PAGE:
[Blackstudies-l] First police departments date back centuries to slave patrols

Maria Lima lima at geneseo.edu
Tue Jun 9 08:32:39 EDT 2020


Law enforcement’s history of racism

There was no place to hide, no place to truly be safe. Across the U.S.,
black Americans lived in fear of law enforcement officials armed with
weapons who monitored their behavior, attacked them on the street and in
their homes, and killed them for the slightest alleged provocation.

These organized groups of white men known as slave patrols lay at the roots
of the nation’s law enforcement excesses, historians say, helping launch
centuries of violent and racist behavior toward black Americans, as well as
a tradition of protests and uprisings against police brutality.

That history has again become the subject of national debate as millions of
Americans in recent days gathered in cities large and small to denounce
police brutality and racial bias after the death of George Floyd, a
46-year-old black man in Minneapolis, at the hands of a police officer
after allegedly using a counterfeit $20 bill at a convenience store.

In a video of the encounter, Floyd gasped for breath as police officer
Derek Chauvin kneeled on his neck while three other officers looked on.
Chauvin was fired along with the officers in the video, and all four were
eventually arrested for their role in his death. Floyd’s last words were “I
can’t breathe,” recalling the death of Eric Garner, 43, who also gasped “I
can’t breathe” before he died during an arrest for selling untaxed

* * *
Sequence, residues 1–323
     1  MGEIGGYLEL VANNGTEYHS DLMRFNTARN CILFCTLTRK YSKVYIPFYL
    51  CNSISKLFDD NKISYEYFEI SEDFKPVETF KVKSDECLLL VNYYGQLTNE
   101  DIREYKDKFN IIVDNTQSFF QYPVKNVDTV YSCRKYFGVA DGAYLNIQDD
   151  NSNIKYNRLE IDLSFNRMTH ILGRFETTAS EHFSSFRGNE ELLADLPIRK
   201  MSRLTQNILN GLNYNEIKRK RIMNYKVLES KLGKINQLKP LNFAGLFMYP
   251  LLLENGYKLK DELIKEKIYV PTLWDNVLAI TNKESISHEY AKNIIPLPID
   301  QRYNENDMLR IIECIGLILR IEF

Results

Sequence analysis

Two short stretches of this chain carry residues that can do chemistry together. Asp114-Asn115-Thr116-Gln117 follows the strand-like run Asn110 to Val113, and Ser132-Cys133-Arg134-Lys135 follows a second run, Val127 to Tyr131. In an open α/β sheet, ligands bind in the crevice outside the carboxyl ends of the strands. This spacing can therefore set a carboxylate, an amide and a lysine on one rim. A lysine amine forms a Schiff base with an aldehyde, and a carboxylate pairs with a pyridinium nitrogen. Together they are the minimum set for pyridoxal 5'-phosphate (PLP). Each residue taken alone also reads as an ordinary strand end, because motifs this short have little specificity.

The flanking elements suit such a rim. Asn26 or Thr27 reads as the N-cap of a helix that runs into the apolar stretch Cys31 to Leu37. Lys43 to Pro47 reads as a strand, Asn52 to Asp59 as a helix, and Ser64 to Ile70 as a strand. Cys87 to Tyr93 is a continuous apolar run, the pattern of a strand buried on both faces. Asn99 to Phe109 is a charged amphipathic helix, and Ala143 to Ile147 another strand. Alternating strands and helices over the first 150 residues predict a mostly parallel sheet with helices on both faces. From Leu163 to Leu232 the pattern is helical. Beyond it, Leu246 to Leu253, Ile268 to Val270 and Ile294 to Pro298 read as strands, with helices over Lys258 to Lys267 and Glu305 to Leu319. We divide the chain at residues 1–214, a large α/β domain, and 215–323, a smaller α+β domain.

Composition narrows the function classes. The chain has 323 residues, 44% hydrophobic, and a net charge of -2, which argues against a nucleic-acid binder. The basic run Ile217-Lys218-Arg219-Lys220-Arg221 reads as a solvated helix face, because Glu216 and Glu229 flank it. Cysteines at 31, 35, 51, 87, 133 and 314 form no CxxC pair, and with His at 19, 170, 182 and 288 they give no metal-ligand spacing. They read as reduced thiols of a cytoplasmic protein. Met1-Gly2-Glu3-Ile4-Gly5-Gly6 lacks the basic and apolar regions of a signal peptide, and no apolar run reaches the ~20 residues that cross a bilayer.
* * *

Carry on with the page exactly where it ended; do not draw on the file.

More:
cigarettes in New York City in 2014.

Both deaths, as well as the deaths of other black men, women and children
across the U.S. during interactions with police officers, have inspired
protests and calls for police reform, along with the rise of the Black Lives
Matter social justice movement.

But law enforcement officials across the U.S. have a much longer history of
killing black people, says Jennifer Cobbina, a criminal justice professor
at Michigan State University.

“Too often people look at the contemporary issue, the issue that is going
on right now but not understanding that all that is happening is seeped in
400 years of legacy of injustice,” she said, adding, “These past
grievances, past harms by law enforcement, need to be addressed before even
attempting to move forward.”

Dating to the 1600s, the British colonies used a watchman system, where
citizens of towns and cities would patrol their communities to prevent
burglaries, arson and maintain order. As the slave population increased in
the U.S., slave patrols were formed in South Carolina and expanded to other
Southern colonies, according to Sally Hadden, a history professor at
Western Michigan University.

Slave patrols were tasked with hunting down runaways and suppressing
rebellions amid fear of enslaved people rising up against their white
owners, who were often outnumbered. The patrol was a volunteer force
consisting of white men who surveyed and attacked black people and anyone
who tried to help them escape.

“Everything that you can think of that a police officer can do today, they
did it,” Hadden said. “The biggest thing is that they were race-focused as
opposed to the police today, who should be race-neutral in their
enforcement of law.”

Slave patrols were not designed to protect public safety in the broadest
sense but rather to protect white wealth, says Seth Soughton, a law
professor at the University of South Carolina School of Law and a former
police officer in Tallahassee, Florida, whose research has focused on
excessive police force.

After the abolition of slavery in 1865 with the passing of the 13th
Amendment toward the end of the Civil War, slave patrols were done away
with and police departments become more common.